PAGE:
Dialysis saves your life, but it can also change it. Depending on which type you choose, dialysis may change what you can eat and drink, how many meds you need, and what you can do each day. If you work, dialysis can make you more or less able to keep your job. Health-related quality of life (HRQOL) is your rating of:
- Your own physical health
- Your own mental health
- How much of a burden kidney disease is
As it turns out, HRQOL is vital. Why? Because it predicts your risk of a hospital stay and a longer or shorter life. And there are steps you can take to improve your HRQOL and your chances of living long and well.
Taking the KDQOL-36 survey
Your social worker will measure HRQOL by asking you to take a survey called the KDQOL-36, which has 36 questions in 5 sections:
- Physical health
- Mental health
- Burden of kidney disease
- Symptoms and problems
- Effects of kidney disease on daily life
The questions ask things like, “During the past 4 weeks, how much were you bothered by itchy skin?” or, “Too much of my time is spent dealing with my kidney disease (True/False).”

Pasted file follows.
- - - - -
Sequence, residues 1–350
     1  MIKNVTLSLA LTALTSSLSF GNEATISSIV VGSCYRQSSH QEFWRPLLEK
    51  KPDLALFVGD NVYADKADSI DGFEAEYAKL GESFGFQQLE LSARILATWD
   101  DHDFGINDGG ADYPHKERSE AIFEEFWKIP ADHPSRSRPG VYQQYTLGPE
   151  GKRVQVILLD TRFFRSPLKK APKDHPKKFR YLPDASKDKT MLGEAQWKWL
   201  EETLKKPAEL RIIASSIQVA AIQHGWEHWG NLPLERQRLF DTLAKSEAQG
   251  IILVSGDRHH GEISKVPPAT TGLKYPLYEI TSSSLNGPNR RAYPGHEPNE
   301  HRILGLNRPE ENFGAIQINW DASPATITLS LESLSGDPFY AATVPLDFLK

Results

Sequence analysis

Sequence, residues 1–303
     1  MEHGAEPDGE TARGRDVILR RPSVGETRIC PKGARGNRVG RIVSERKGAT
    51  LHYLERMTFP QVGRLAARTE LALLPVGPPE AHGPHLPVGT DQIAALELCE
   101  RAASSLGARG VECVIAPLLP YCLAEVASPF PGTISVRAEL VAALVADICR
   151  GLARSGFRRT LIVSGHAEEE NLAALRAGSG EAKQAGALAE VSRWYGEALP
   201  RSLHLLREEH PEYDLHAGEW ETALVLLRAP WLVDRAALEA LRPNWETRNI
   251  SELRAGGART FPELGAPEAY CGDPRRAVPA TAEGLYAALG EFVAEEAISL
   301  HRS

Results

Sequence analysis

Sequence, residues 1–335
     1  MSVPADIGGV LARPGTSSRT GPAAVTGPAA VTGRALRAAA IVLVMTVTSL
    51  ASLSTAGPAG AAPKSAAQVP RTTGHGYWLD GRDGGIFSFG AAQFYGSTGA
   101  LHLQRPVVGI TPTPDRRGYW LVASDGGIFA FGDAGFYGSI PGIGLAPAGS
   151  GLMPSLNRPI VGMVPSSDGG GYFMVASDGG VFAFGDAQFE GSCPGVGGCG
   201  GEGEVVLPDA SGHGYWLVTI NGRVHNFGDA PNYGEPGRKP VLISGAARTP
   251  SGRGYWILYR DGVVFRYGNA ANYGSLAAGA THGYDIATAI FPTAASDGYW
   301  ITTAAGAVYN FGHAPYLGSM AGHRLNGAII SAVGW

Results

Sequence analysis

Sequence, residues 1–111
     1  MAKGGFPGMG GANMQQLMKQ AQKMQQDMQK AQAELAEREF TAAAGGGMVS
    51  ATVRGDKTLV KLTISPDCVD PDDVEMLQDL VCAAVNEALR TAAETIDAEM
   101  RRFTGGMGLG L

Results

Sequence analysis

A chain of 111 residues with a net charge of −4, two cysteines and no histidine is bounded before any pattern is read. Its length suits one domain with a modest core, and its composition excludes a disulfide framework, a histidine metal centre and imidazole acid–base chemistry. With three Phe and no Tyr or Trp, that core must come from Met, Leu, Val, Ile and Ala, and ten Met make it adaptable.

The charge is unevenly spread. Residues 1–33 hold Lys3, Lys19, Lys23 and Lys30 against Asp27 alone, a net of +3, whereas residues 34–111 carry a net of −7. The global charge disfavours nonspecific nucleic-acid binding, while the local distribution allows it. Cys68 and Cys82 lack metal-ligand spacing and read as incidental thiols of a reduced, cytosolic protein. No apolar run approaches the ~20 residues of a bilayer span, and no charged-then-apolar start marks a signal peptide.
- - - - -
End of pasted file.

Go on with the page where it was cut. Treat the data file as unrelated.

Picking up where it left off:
There are no right or wrong answers. The point is just to find out how you feel about your own life in each of the five areas. The survey takes about 10-15 minutes to do. Not sure what to answer? Go with your first instinct. It’s best if you can complete the survey by yourself. The social worker may help you if you can’t—but answer honestly. The scores won’t mean a thing if you pretend to feel better than you really do.
You can choose not to take the KDQOL-36, or not to answer a question. Please answer the first 12 questions, though! Your clinic needs at least those 12 to look at your risk of poor outcomes and offer you help if you need it.
Medicare requires HRQOL surveys